Nelly and pro Daniella Karagach (Viennese Waltz): Nelly knew we wanted rounded arms, and he gave us rounded arms in this Viennese waltz. I do wish he had a slightly stronger chemistry with Daniella, who’s working incredibly hard to soften his edges and choreograph to his strengths — but on the whole, Nelly’s elegance (his Nellygance, if you will) and vulnerability in this routine were such a pleasant surprise, given his previous hesitance to completely surrender to the choreography. Judges’ Score: 24/30

DWTS Season 29
DWTS Season 29

Jeannie Mai and pro Brandon Armstrong (Rumba, pictured): What Monica’s rumba lacked in emotional connection, Jeannie’s had in spades. Moved to tears by her family members who had risked everything to flee Vietnam, Jeannie began this routine with quivering lips and glassy eyes — but even after she got her emotions under control, Jeannie maintained that intensity and sensitivity until the number was finished, and she brought sensuality to the movements despite performing on the verge of tears. Impressive all around. Judges’ Score: 25/30

AJ McLean and pro Cheryl Burke (Samba): This. Was. So. Fun. Some of this season’s male contestants seem a bit too restrained and self-conscious when they perform, but AJ completely goes for it, sinking into the pocket of this samba perfectly. And those shoulder shimmies? Everything. Judges’ Score: 27/30

Chrishell Stause and pro Gleb Savchenko (Contemporary): I was a little nervous for Chrishell to tackle a style as demanding as contemporary, but I think she actually benefited from a style that’s more abstract and emotion-based. Sure, it wasn’t technically perfect — and I’d argue that Gleb could have given Chrishell meatier choreography, instead of packing the piece with lifts — but the dedication to Chrishell’s late parents made the entire number pulse with emotion, which is especially important for this style. Judges’ Score: 24/30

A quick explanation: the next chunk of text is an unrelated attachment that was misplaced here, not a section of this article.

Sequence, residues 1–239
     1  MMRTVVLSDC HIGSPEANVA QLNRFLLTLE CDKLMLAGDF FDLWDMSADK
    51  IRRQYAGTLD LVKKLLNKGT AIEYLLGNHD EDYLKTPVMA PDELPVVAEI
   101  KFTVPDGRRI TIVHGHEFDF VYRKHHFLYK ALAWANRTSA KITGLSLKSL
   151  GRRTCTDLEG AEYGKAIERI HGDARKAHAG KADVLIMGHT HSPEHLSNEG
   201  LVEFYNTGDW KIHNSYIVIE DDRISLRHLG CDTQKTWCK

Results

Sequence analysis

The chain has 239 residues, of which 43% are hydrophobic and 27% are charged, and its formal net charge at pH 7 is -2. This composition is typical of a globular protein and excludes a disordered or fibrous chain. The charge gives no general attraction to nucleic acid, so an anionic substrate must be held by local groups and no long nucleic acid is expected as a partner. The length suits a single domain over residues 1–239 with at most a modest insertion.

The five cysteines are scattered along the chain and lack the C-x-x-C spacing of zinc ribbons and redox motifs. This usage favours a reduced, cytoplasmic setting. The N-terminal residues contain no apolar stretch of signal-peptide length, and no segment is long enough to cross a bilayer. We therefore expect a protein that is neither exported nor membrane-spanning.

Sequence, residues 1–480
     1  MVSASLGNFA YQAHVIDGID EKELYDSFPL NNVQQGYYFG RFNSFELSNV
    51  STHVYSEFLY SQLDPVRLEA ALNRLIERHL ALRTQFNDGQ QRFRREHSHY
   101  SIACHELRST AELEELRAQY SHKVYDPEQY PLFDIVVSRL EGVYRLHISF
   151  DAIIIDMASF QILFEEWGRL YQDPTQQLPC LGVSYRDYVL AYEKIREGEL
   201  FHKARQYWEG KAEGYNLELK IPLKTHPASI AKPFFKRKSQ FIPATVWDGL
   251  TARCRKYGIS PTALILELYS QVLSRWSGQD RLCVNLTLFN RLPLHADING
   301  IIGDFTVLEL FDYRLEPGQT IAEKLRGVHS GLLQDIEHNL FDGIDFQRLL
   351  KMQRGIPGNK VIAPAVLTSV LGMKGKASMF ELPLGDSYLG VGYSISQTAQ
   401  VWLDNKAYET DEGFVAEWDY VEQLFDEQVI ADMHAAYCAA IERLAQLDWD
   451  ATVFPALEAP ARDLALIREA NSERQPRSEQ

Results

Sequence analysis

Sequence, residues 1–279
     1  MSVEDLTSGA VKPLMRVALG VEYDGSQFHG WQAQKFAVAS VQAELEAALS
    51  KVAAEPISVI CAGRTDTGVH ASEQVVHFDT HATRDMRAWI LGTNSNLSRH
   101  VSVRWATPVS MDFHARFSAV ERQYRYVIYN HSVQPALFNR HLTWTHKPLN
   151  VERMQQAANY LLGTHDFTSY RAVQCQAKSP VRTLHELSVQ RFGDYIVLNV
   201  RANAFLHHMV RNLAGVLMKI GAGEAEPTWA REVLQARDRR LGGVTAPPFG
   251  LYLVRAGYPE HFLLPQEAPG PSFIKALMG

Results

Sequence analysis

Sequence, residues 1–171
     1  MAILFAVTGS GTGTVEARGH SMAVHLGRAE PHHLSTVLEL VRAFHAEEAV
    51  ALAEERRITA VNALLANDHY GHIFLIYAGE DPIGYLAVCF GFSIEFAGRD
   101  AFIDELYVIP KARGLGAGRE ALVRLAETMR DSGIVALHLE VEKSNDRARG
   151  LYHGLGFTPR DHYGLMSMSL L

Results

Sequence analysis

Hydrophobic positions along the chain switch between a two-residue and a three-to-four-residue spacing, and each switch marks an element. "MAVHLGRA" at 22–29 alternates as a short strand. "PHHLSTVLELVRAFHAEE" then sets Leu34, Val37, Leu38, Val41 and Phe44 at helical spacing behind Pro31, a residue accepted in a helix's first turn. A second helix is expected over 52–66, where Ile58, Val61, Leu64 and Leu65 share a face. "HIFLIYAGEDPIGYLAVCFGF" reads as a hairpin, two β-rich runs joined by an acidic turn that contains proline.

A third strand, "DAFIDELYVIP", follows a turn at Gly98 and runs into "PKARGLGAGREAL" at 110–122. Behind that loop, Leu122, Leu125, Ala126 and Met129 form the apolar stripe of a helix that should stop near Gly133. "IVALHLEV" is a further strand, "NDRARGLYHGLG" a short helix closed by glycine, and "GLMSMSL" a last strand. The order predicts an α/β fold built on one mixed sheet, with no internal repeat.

Kaitlyn Bristowe and pro Artem Chigvintsev (Samba): I got a chuckle out of Kaitlyn’s pre-performance video package, which tried its darndest to convince us Kaitlyn was struggling with the choreography. We all knew she was going to slay in the end, right? Carrie Ann had a point, though, that this samba managed to be both technically superb and a little underwhelming; the bar for Kaitlyn is especially high, given her consistent excellence, and she’s got the unenviable task of outdoing herself every time. Judges’ Score: 27/30

Justina Machado and pro Sasha Farber (Viennese Waltz): It was graceful, it was sensitive and that foot did not come off the floor. Justina is another contestant who’s been so dependably good every week that she runs the risk of falling through the cracks with voters. But as worried as I am that Justina will go home sooner than she deserves because she’s too good — there’s precedent! — it was lovely to see a more emotional side of her, and her connection with Sasha is among the season’s most joyous. Judges’ Score: 27/30

And now, the results:

COUPLES IN JEOPARDY
Johnny Weir and pro Britt Stewart
Vernon Davis and pro Peta Murgatroyd

SAVED BY JUDGES
Johnny Weir and pro Britt Stewart (saved by Derek and Bruno)

ELIMINATED
Vernon Davis and pro Peta Murgatroyd

Your turn! Were Vernon and Peta the right choice for elimination? And who’s your current favorite in the Top 10? Tell us in a comment below!